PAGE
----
Tuesday, May 28, 2013

Sprouts growing up

I actually have been gardening, believe it or not, but I've been really busy doing something else.

We have our first high school graduate -- top row, second from right.

Because she was homeschooled all the way through, it was a DIY (or DIG, because it was a group effort) graduation. A few meetings, a lot of alpha moms trying to figure out whose vision would triumph, and a long evening's service. Good food, some tears, and aren't they lovely?

Now she's off to Oregon in the fall to play Ultimate. And, you know, attend some classes!

I'll post gardening pictures as soon as I really catch my breath.

Thursday, May 9, 2013

Good Eats

Mark Bittman talked on the radio today about his new book, and he mentioned chopped salad. I'd been wondering what to have for lunch, and though I realized I didn't have everything I needed at home or in the garden, a couple of additions would make a tasty treat for me.

I had to stop for cream cheese for the bagel-heads at home, so I got an organic red pepper, cucumber, and zucchini on the way.

Right beside the driveway, I pulled two Italian Yellow carrots out of the front, "neighbor" bed, since no one is taking carrots out of it, which drives me crazy, but is beside the point. Added to that were three leaves of ruby chard from the same bed, and two sprigs of mint, well-washed, from the curbside bed. A lime from the tree ended the front yard harvest.

Then I wandered out back, got a few sprigs of the parseley which is busy bolting, and some leaves from an old onion plant. Too late, I realized that chives would have worked, also, but I already had my onion component.

Some tricolor quinoa, well-rinsed, went into a pot with some water and I got busy chopping. I figure that no matter if I don't love a vegetable (zucchini squash, I'm looking at you), if it's a small enough piece, surrounded by lovely bits of Things I Enjoy Eating, the less-admired things will slip right on by. So I carefully chiffonaded the green things, trying to simultaneously dilute the chard and spread the mint around, chopped the harder veggies up into less than bite sized pieces -- the absoloute largest are about 1/2" -- and squeezed the lime over them.

Quinoa done, I added it to the bowl, and topped everything with some salt and a few grinds of pepper. The bulk of the salad will be improved for waiting, but it's lunchtime, so I served myself up a bowl. Full of flavor, and with enough crunchy things to signal to my mouth that I'm really eating, I'm going to try to remember this sort of approach all summer, and keep things like it in the fridge for the kids to grab as snacks.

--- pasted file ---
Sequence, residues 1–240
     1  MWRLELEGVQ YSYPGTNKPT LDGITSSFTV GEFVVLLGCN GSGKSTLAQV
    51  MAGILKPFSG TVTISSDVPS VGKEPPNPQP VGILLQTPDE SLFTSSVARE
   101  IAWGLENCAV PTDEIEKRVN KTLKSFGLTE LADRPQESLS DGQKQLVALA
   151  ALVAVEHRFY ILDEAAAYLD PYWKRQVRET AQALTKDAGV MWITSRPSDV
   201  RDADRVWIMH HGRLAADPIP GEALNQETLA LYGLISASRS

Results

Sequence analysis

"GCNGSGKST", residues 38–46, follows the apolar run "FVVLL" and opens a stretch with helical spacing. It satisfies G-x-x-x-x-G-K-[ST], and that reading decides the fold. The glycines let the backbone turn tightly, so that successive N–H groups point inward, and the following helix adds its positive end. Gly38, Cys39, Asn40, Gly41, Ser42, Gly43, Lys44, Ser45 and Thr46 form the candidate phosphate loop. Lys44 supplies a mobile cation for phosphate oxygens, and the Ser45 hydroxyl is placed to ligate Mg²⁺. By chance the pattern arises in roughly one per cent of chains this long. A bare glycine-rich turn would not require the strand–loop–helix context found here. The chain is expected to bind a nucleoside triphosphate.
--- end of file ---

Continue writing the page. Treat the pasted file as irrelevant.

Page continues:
After they eat all the bagels.

Tuesday, May 7, 2013

Pest Control Help

After using dish soap as a homemade aphid spray, the population of aphids hasn't gone away. It has, however, diminished, and just in time for the natural upswing in ladybugs. I'd noticed some beetles and some eggs, but yesterday, everywhere I looked, I saw eggs, mating adults, adults rambling around, and many many larvae hoovering up aphids. Hooray!

This tree isn't out of the woods either insectally or fungally, but it's a bright moment at least. And fewer aphids fall on my arms when I walk past it, too.

Wednesday, May 1, 2013

Garden bits and bobs

 Of course, I bought two Principe Borghese drying tomato plants online, my peppers and tomatoes finally sprouted. . . fortunately, our growing season is long enough that layers of planting should work out fine. At least, that's what I'm telling myself.

Have you seen this plant? They're sprouting all over one of my beds, and I've been ripping them out, but they smell. . . interesting, and I'm wondering if I am having some kind of self-seeding event. So, anybody?

Direct-seeding zucchini is such a thrill. They just pop right up like nobody's business. Hopefully the cucumbers and popcorn will follow suit. All bathwater has been slated for seed moistening.

Vigorous, regular spraying of soap on the Katy apricot has seemed to slightly discourage the aphids and whiteflies, but it's only the start of the battle. I think where the soap is directly hitting, we're getting some action, but as you can see in the center of those new leaves, spraying the underside of each leaf is a challenge.

And in one of those "What were they thinking?" moments:

Can't see it? Here:

When I asked Ellie to fix the fallen-down trellis, she used the pitchfork to do so. Unfortunately, she also created a different issue. We've had the "What do you do when there is another problem?" talk, and I foresee a bit of time on ladders upcoming for that child.